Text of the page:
Burning down the house (a trial by fire)

Discussion in 'Camera Building, Repairs & Modification' started by Bosaiya, Dec 5, 2009.

  1. Bosaiya

    Bosaiya Member

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    Here's a couple photos of a Graflex RB I heavily rekajiggered to work in harsh enviornments, particularly high heat.

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  2. PeteZ8

    PeteZ8 Member

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    Wow that's quite beautiful!

    What is the intended environment if I may ask?
     
  3. Bosaiya

    Bosaiya Member

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    Thanks, Pete. Structure fires mostly. So far I've gotten it up over 300f.
     
  4. fschifano

    fschifano Member

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    Steam Punk! (That's a good thing, and kinda cool)
     
  5. mhcfires

    mhcfires Subscriber

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    What a cool camera! Makes me want to take the ragged leather off one of my old beaters and see what lies beneath the skin. Thanks for sharing.
     
  6. Bosaiya

    Bosaiya Member

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    Thanks! I've stripped and refinished two of the three I own. The other one is nicer, but not quite finished yet. This one gets pretty grungy during use and looks more like a user than a show-piece.
     
  7. McFortner

    McFortner Member

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    What can I say but "Wow!" Very nice work on that camera.
     
  8. Dave Pritchard

    Dave Pritchard Member

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    Wow! I'm impressed.

    I have a couple of old Speed Graphics with bad leather on the body.

    Hmmmm.
     
  9. Bosaiya

    Bosaiya Member

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    Every decision I made was with function in mind, but I couldn't help a little artistic flair. The wood and brass were stripped and gone over with about eight or nine coats of marine grade spar varnish. The bellows were reinforced with mesh and Pliobond. The leather was treated with Hubberd's Shoe Oil. The metal joints and holes (like at the shutter key and tension knob) are filled with machine oil. The top was reverse-mounted and has a mirror on the underside so it can be used like a regular SLR instead of having to look down onto the ground glass. All of the seams were sealed with high-temp waterproof sealant. Everything was gone over with a bunch of layers of carunaba wax as both a sacrificial layer and to seal any last spots. The magazines have an over-sized pull ring for use with firefighting gloves. The darkslides are cut down from larger-sized dark slides so that there is plenty of room to grip on top and a leather leash was attached in order to help yank out the darkslide if it got too difficult to remove and also to tether it to the camera so it wouldn't get lost.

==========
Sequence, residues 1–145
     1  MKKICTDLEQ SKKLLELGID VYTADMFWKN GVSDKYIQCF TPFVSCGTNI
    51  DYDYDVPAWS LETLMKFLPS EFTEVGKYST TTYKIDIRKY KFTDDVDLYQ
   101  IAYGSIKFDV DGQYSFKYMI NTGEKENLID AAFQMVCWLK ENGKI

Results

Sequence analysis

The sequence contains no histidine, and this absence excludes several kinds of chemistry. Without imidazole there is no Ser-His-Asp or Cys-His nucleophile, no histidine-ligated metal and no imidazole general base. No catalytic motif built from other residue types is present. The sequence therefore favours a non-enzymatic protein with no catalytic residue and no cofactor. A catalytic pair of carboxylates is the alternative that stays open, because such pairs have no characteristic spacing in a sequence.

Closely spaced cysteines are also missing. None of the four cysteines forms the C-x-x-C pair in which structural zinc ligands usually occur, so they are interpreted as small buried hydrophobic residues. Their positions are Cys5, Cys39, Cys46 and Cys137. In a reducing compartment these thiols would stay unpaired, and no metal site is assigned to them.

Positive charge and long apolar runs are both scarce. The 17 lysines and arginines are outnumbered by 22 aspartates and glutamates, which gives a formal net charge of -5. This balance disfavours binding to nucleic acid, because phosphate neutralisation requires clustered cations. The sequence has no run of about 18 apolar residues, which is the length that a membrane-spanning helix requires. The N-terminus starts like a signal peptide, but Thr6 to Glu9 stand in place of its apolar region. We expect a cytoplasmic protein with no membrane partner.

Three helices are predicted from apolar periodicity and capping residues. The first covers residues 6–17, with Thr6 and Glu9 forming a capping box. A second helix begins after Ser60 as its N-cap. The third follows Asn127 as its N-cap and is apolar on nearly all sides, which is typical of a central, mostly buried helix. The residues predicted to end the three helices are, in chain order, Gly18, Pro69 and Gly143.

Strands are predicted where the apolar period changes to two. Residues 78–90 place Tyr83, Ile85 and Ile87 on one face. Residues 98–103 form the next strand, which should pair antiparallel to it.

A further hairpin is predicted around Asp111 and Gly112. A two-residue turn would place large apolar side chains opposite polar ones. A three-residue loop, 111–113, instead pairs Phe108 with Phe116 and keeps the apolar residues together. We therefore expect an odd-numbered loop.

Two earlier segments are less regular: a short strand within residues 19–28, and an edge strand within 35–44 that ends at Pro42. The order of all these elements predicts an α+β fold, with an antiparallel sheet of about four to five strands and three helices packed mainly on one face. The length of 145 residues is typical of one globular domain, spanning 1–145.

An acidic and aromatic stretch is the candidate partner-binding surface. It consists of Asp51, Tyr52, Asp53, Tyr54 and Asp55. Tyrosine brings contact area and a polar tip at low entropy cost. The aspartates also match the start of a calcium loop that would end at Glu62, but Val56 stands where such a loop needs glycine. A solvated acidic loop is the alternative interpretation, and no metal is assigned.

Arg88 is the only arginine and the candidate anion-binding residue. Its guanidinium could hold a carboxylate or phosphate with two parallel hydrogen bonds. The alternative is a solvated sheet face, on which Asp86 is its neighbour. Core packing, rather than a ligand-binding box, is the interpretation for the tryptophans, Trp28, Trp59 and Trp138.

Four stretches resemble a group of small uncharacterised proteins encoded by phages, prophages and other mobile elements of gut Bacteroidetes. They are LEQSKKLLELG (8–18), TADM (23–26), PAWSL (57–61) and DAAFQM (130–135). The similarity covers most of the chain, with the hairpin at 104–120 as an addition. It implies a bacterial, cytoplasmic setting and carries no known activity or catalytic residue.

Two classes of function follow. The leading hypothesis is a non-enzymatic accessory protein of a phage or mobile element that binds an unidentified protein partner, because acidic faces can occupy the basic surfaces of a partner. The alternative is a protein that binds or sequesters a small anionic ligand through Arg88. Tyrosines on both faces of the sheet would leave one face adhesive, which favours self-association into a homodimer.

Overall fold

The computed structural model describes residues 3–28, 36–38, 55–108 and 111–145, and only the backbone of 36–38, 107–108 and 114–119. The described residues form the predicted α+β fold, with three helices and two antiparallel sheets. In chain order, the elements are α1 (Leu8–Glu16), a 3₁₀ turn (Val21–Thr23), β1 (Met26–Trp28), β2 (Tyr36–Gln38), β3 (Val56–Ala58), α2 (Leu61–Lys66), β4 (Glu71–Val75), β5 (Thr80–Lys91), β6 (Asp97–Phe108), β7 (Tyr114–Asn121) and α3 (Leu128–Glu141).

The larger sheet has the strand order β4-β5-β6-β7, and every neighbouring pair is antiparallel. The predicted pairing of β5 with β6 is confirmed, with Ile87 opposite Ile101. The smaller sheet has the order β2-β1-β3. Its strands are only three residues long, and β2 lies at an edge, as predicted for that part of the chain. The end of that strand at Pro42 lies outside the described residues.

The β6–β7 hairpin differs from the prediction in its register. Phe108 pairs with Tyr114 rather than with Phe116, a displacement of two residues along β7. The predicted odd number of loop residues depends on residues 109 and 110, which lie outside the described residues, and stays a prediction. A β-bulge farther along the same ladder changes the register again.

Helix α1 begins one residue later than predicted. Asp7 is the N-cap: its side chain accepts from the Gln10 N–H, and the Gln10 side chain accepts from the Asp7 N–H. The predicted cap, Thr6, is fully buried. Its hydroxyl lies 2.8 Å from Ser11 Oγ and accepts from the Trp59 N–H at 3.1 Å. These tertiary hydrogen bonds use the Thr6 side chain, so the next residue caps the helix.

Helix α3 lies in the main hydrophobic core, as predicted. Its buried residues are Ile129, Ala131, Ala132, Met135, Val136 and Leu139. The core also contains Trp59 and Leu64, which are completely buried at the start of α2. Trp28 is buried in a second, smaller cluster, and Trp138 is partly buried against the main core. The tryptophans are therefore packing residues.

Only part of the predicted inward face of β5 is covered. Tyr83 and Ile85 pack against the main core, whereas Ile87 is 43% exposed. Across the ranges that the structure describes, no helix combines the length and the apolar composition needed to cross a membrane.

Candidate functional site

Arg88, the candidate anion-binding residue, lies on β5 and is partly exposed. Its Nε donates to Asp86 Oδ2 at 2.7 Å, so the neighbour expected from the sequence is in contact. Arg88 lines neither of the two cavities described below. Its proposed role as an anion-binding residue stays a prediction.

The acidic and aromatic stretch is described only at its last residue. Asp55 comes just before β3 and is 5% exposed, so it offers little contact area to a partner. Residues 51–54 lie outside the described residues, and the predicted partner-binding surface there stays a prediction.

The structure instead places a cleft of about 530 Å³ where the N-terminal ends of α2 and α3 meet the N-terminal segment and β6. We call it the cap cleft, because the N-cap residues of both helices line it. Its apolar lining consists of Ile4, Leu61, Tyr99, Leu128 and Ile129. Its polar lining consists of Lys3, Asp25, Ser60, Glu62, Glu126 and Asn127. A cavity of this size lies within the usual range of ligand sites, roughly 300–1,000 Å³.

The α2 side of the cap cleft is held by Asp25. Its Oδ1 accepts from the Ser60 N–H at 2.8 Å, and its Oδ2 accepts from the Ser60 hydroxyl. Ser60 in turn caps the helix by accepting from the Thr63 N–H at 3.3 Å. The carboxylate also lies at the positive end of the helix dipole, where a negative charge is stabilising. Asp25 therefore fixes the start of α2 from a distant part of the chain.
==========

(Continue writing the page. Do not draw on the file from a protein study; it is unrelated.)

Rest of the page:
Weight with one magazine is well over eight pounds. Pretty hefty, but not too bad when you consider that the weight of bunker when dry is over twenty-four pounds and twice that when wet. So far the camera has taken a direct hit from a firehose strong enough to knock it over (keep that weight in mind!) and countless glancing blows. All I've had to do is tip it over to dump the water out of the top area.
     
  10. DBP

    DBP Member

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    So let's see some pictures.
     
  11. Bosaiya

    Bosaiya Member

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    Sure things, here's a couple. Other than some dodging and burning these are straight prints.


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  12. DBP

    DBP Member

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    How does the film hold up to the heat? What do you do to protect it?
     
  13. Bosaiya

    Bosaiya Member

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    The film held up pretty well, all things considered. The caveat being that I am more of a pictorialist than a realist, so the types of effects you see in the photos above are a bonus for me where they might be ruinous for someone else. The results can be very unpredictable, some sheets/shots will come out pristine and some will look like liquid emulsion was brushed on sandpaper. I just try to go with the flow and stay cool.

    So far I haven't done anything to protect the film. For a time I considered building some sort of enclosure out of a fire blanket or something like that but abandoned the idea after realizing the bulkiness required and that ambient heat would probably be the biggest problem anyway. If the gear and film were exposed to direct flame I'd have a lot more than my exposure to worry about! As it is I nearly broke my neck trying to climb down the stairs to exit when the fire got too hot.